Runes of Magic turned 10 earlier this year, and when I saw a 10-year-old screenshot come up in my Facebook memories, I felt as if the stars were aligning for another look at this free-to-play title developed by Runewalker and published by Gameforge. Welcome back to another edition of MMO Cartographer, where we’ll do just that!
I had some trouble getting into the game through Steam and through the launcher, so let me save you the same pain: If you forget your secondary password for a Steam account, you have to contact support to clear it for you. (To give Gameforge its due, I will say the turn-around on that was pretty quick; I was able to set a new secondary password the next day.) The other issue that gave me some trouble is that you have to enter the game in the same region (EU or US) that you registered your account in or it will tell you that your information is incorrect. There’s no crying in baseball and there’s no region switching in Runes of Magic. If the URL when you register starts with “en,” that’s the English EU site, and if it starts with “us,” that’s the US. And that is how I ended up with two new EU accounts and one new US account. I am now playing on an EU server through Steam and a US server through the launcher.
I remembered almost nothing about this game, except that it looked suspiciously like a whole lot of other games that came out between 10 and 14 years ago. That’s not a slam; I loved MMORPGs back in the good (or bad) old days, and I had fun during my short run in Runes of Magic. It just felt very familiar.
There are three races to choose from: humans, elves, and dwarves. The dwarves are male only, but your dwarf can be female in your head. Who can tell the difference anyway? Each race has its own starting location, which is a nice touch. Humans start at an outpost in the woods, dwarves start underground, and elves start in a place that looks like elves would start there.
Every race has six classes to choose from, with some overlap. Some of the classes are specific to each race. Only humans can be knights, only elves can be druids or wardens, and only dwarves can be champions or warlocks. I tried out all three races and a number of classes, but I found myself playing a human mage the most, since I figured I should focus and make some progress before writing this article.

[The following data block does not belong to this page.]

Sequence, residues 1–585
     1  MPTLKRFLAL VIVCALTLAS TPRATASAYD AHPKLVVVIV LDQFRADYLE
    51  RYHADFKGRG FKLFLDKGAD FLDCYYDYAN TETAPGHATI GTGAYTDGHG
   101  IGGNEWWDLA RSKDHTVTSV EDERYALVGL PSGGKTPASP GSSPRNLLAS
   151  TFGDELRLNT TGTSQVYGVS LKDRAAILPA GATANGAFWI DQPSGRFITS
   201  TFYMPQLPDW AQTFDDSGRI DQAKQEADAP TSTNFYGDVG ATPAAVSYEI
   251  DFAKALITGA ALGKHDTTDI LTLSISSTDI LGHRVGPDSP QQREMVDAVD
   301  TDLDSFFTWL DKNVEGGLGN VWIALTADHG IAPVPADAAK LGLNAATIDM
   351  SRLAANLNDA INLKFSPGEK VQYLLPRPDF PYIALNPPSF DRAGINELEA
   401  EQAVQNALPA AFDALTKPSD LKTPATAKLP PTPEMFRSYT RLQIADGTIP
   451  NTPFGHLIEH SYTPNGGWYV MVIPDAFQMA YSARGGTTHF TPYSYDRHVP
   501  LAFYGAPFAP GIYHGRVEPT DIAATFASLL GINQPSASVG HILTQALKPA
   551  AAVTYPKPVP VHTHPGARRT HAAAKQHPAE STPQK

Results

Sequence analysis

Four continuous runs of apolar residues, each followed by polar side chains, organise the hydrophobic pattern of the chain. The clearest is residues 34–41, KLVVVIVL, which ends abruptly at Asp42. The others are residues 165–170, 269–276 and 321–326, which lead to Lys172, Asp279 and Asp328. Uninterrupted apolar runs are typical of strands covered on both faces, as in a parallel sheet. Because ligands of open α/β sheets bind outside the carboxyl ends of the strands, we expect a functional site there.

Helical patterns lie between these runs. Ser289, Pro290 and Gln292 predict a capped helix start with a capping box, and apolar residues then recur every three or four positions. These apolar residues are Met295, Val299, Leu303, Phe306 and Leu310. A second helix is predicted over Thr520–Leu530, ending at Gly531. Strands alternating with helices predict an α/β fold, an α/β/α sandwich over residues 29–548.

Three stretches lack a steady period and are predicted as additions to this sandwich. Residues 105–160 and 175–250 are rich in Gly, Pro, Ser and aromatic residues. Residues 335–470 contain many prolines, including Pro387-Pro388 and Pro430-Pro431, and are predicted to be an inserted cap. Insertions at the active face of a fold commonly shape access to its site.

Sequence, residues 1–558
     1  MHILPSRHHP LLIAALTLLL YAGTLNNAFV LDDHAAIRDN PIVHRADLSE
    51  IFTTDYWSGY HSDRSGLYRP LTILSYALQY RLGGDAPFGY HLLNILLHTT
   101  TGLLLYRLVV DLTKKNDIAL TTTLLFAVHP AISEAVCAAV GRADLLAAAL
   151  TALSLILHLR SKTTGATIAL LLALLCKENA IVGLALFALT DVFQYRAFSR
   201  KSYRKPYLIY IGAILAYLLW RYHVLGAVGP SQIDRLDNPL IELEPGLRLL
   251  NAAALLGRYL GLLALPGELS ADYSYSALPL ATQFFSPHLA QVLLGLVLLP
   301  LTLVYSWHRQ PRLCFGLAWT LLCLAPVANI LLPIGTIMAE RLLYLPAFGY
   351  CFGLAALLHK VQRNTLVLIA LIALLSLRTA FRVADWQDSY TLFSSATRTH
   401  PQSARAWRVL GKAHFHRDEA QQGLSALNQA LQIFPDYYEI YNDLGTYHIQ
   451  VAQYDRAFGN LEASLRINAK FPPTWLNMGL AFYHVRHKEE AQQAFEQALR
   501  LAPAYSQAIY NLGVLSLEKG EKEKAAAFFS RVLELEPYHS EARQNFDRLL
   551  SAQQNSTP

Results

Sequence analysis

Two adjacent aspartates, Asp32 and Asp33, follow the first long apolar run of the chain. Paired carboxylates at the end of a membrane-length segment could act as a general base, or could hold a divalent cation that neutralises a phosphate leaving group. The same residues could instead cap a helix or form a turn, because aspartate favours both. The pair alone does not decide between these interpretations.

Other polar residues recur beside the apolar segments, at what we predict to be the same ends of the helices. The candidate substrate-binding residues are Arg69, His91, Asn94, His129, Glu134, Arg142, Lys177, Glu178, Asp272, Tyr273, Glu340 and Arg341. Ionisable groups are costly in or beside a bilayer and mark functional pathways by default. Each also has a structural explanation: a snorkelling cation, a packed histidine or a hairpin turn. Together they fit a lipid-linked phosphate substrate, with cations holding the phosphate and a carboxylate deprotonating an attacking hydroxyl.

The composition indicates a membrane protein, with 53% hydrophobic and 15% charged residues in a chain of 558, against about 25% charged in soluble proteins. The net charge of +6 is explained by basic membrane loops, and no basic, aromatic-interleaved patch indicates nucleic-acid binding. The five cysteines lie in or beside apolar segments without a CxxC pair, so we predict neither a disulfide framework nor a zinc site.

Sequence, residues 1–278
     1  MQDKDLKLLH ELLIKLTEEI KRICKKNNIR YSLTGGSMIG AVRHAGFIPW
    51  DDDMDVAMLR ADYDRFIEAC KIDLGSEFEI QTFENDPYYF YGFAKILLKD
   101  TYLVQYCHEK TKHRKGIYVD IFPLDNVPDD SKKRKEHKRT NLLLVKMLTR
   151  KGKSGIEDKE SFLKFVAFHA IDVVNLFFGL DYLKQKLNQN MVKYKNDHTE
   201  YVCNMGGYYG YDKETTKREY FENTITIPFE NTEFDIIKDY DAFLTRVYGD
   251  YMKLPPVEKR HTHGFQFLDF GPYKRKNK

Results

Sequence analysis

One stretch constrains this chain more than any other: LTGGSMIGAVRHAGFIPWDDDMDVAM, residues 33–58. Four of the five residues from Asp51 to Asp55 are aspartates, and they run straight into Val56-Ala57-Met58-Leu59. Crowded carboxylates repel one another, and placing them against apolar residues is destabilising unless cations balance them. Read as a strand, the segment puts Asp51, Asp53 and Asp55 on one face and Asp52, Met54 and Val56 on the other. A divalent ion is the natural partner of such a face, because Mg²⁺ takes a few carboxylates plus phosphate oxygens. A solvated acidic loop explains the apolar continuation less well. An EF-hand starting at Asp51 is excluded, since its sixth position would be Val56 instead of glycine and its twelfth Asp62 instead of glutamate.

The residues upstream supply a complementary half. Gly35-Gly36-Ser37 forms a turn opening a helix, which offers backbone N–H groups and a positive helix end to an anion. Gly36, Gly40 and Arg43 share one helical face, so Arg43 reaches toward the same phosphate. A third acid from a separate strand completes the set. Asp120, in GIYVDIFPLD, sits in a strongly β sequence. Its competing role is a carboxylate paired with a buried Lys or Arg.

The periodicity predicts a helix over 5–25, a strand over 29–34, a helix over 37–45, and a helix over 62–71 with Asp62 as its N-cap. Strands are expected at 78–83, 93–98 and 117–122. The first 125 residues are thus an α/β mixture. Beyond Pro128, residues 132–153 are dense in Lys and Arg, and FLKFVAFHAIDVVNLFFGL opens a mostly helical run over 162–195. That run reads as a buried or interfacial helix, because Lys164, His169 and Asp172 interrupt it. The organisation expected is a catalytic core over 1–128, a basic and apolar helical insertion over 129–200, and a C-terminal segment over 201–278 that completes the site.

When you first start the game with your shiny new character, you will have the opportunity to do a quick tutorial instance that will teach you to move and fight before you are set loose in the rest of the game. There are some rewards for doing it, but you won’t find yourself left wanting if you don’t. Many of the newbie quests yield useful gear.
Humans start in an area called Pioneers Colony in the Howling Mountains zone. There are a bunch of NPCs standing around who have the usual sort of newbie tasks to send you out on. Nearby, there are fungus men and wolf cubs to kill in order to complete those.
You’ll also get to meet the local gathering skill trainers who will get you started on woodcutting, mining, and herbalism. If this sounds like every older MMORPG that you’ve played, that’s because it is exactly like that.
Combat is tab-target, which should not be a surprise, given its age and the era in which it was made. The pacing is not too bad; I’ve played games with slower combat. Sometimes when you kill something, a glowing icon will appear above it and going through it will grant you a short buff.